With the top of the baking mold removed, it reveals a beautifully brown milk loaf.
1 of 1
HOW DOES MILK LOAF BRING PEOPLE IN THE COMMUNITY TOGETHER?
I really like the cozy feeling in our bakery, and our workers are super friendly. They love talking to everyone that comes in here. Most of our staff speak Japanese and are happy to see some Japanese families coming into the bakery. People are still coming from Japan, but our bakery is a safe place for them to transition into American culture.
We also have a lot of construction happening along La Brea Avenue as it’s a very busy street. The construction workers come in here every day to get sandwiches, eat, and relax. We have groups of moms who bring in their kids in strollers and settle down to chat and have tea while their kids play around them. We welcome that kind of energy; it’s very community-like and nice to see. This is more like a sit-down bakery than a grab-and-go—this is a very homey place where you can settle down in quiet or gather with others.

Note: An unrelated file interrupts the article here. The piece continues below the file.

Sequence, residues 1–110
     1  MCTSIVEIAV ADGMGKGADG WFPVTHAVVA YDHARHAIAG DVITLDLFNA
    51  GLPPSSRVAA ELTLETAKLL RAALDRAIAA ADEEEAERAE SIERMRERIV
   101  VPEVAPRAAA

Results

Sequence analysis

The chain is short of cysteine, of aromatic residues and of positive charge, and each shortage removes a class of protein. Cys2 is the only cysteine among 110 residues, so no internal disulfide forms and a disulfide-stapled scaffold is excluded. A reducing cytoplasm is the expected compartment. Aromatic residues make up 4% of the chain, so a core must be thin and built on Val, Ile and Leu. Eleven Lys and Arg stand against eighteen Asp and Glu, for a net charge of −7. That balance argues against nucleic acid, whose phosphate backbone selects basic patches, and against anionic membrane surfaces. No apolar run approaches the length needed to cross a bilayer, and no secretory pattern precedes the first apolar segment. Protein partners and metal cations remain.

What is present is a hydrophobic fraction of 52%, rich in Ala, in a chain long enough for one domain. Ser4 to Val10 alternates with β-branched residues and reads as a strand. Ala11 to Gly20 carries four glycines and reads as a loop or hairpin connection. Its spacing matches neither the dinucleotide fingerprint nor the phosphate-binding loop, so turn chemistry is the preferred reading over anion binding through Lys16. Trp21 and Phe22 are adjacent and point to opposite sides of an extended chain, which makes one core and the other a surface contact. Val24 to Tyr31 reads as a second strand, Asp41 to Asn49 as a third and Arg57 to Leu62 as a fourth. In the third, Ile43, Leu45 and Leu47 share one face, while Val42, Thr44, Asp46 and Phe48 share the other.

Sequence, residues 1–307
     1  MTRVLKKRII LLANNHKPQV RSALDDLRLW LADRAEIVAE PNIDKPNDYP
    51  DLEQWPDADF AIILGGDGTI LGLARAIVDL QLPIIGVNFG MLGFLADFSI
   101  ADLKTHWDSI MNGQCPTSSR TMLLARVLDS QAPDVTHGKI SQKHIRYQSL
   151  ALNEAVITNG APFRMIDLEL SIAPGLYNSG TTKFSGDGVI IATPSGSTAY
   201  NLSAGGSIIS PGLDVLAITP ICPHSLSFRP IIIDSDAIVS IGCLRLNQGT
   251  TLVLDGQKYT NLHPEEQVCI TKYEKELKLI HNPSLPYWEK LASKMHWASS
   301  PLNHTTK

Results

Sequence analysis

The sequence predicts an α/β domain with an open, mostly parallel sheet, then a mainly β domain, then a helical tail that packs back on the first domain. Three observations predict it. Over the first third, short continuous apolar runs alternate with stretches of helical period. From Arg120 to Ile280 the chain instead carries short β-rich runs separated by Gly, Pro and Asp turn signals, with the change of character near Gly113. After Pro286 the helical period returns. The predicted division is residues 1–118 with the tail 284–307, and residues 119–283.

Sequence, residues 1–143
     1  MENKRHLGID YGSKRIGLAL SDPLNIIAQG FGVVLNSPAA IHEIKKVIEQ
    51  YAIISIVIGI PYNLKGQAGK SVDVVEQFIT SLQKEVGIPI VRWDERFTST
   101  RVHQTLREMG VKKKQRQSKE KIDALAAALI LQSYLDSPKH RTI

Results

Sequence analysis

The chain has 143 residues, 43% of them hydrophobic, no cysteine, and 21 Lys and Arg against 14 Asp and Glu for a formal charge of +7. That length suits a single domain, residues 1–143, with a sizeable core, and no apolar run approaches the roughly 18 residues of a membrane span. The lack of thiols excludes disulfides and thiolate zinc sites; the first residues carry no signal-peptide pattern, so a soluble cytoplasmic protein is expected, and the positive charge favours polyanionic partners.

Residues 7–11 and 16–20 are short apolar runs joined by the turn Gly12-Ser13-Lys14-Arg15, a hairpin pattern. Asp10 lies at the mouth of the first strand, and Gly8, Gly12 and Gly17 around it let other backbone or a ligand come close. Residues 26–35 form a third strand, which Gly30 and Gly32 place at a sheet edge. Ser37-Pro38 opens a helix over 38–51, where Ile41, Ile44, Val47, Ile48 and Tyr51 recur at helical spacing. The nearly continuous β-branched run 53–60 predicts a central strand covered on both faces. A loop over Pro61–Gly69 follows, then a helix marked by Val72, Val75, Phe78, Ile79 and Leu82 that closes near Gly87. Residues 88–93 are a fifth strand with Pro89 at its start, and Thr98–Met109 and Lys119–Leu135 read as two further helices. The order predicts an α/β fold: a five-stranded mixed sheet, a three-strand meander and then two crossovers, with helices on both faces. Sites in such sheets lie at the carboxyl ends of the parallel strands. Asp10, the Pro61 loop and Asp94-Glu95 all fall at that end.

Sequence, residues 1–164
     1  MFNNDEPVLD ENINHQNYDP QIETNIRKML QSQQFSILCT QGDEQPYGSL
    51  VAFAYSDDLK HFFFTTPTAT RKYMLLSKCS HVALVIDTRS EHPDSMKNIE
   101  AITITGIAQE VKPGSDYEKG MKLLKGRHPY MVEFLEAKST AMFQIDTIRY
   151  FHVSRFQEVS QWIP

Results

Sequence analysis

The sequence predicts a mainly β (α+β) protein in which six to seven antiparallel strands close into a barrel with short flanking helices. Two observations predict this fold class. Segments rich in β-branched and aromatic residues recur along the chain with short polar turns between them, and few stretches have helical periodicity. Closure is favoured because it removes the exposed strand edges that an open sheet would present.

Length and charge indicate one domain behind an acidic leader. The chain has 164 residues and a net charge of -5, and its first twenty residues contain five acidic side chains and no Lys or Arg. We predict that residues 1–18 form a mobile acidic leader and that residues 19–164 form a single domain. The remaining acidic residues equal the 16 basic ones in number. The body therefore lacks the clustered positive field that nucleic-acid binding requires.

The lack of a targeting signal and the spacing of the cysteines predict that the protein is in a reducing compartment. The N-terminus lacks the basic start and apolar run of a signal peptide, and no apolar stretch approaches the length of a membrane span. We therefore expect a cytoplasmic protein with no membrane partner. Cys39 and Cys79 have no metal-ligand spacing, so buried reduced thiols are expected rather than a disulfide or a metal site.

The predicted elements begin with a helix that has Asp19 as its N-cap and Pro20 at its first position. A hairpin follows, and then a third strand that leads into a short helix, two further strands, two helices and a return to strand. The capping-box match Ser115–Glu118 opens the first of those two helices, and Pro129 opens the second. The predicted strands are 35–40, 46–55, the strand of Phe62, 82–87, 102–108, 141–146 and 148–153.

EXPLORE MORE FROM ROJI BAKERY
To see what baking at Roji Bakery, go to roji-bakery.business.site or visit them at 807 South La Brea Avenue, Los Angeles, CA 90036.
SHARE YOUR L.A. BREAD STORIES
Do you know an L.A. breadmaker who lovingly connects to your community? Do you want to share your favorite experience at Roji Bakery? Join the conversation by tagging @NHMLA with #KneadedLA, and your story could be featured next!
Following the success of Kneaded: L.A. Bread Stories, we're celebrating the history, heritage, and communities of Los Angeles through the lens of different cultural traditions. This year, L.A. at Play highlights the vibrant and visionary work of artisans who fabricate dolls and figurines using a variety of techniques and materials.